Freedom Sunday, held Oct. 2, is now over. This was the Sunday when 539 ministers throughout the United States defied the IRS and federal government and did at least three things in common in their Sunday sermons. They identified where the candidates stood on the issues, what the Bible says on these issues, and where a follower of Jesus Christ should stand. Their followers, of course, are left to make their own decisions, but the clergy is no longer silent. The following day they mailed a recorded copy of their sermon to the IRS; all the evidence that is needed to deny their 501C3 tax exemption status.

Standing by to defend three first amendment rights, that of freedom of speech, religion, and even assembly, is a group of 2500 attorneys united under the Alliance Defense Fund should the federal government wish to enforce the previously constitutionally uncontested Lyndon Baines Johnson Amendment initiated in 1954. Thirty-three pastors successfully did this in the year 2008, 84 in 2009, and 100 in 2010 with no retribution. In fact, no church’s tax exemption status has been taken away for having done so in the 57 years the amendment has been in place. Proponents encourage other ministers to follow their Pulpit Freedom Movement by going to or by phoning 1-800-telladf. Consider the over-the-pulpit political statements made by Martin Luther King, Jr., Jessie Jackson or even Jeremiah Wright.

The ministers argue that the Johnson Amendment which resulted in the tax exemption legislation known as 501C3, wherein tax exempt organizations cannot endorse or oppose candidates, was actually designed to deal with two businessmen in Texas who had used tax exempt money to oppose the future President Johnson, and that the legislation was never intended to be used on churches. Whether that is so or not, the IRS viewed it so and constantly threatens to apply it. The effect has been to “silence and chill the pastors.” At election time pastors frequently receive a letter reminding them that they can lose their 501C3 status should they make political statements as a pastor.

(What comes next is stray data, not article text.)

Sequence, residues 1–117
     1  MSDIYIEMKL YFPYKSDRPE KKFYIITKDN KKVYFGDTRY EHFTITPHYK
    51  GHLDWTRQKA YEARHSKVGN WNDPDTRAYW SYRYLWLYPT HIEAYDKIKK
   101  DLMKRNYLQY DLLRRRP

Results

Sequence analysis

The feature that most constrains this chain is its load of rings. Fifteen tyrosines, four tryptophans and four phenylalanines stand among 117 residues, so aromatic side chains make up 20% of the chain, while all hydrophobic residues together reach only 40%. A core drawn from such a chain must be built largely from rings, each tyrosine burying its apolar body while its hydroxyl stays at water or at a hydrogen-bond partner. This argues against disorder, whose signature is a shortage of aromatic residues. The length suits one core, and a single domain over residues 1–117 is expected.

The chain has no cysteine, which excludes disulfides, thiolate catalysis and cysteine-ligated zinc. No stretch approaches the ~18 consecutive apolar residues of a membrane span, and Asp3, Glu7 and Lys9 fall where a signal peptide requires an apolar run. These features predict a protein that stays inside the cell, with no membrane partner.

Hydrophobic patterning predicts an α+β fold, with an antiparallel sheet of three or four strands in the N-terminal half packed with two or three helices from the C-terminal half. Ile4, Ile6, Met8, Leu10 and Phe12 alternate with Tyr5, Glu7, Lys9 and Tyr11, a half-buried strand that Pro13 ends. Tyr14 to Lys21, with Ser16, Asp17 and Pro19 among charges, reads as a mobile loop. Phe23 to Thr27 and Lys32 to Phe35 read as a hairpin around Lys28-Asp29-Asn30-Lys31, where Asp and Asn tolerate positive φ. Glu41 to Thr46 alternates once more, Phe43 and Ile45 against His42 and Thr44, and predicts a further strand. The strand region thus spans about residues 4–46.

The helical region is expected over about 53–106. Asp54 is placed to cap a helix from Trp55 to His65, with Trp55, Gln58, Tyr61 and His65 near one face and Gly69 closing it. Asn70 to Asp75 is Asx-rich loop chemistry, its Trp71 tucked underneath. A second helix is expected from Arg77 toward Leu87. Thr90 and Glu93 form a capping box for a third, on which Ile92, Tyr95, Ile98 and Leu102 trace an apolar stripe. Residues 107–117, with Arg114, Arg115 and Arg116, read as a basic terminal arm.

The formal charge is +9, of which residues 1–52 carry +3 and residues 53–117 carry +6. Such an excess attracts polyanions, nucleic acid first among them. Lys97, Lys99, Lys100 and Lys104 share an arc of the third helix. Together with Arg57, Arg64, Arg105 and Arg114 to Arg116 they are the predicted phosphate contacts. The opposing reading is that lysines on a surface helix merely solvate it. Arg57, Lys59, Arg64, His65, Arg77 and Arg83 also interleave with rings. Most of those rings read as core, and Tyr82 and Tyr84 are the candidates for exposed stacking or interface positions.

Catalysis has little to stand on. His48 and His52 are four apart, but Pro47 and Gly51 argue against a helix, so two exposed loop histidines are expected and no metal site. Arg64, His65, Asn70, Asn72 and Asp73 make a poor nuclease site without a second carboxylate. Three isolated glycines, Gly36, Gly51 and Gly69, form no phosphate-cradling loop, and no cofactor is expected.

The movement demands a return to pre-1954 when there was no government censorship on the pulpits of America at all, whether left or right on the political spectrum—true separation of church and state. Both persuasions should have pulpit freedom.

Is this activity constitutional? Absolutely!! It is an American tradition. Many of the Founding Fathers were clergymen and used their pulpits before and after the American Revolution to foster a better understanding of liberty. The Constitution only denies the requirement of a religious test “as a qualification to any office of public trust under the United States.” The First Amendment also specifically denies Congress from making any “law respecting an establishment of religion.” Any attempt to muzzle the clergy is unconstitutional.

The urgency of the ministers picking up their traditional role as a conscience of the culture is critical for the saving of the culture. Bishop Harry Jackson of Hope Christian Church in Beltville, Maryland said it best. “In the next decade or so what America will be for the next few hundred years, I believe, will be decided.” Speaking directly to his clergy colleagues he continued, “Would you want to be someone who stood by and did nothing and had no voice in changing America for good, that lives through years of regret that you did nothing when you could have spoken out? Or, will you be someone, no matter how small your congregation is, or how large your congregation is, that will take up the challenge to follow Christ and endure momentary discomfort in trying to figure out how to articulate the message? That is a little price to pay for the benefit that we can bring to the entire culture.”

No pastor should fear the IRS. Clergy, it is your constitutional right and responsibility to speak boldly and clearly on any subject that you think important. If not you, who? If not now, when? Your government has muzzled you with fear and intimidation. Remember parishioners came to you for guidance. A good Shepherd will give it to them. Clergy who were unable to participate October 2, are invited to do so on another Sunday. Again, who will speak if the church is silent? After all, it’s about your liberty, please pass this along.

Harold Pease

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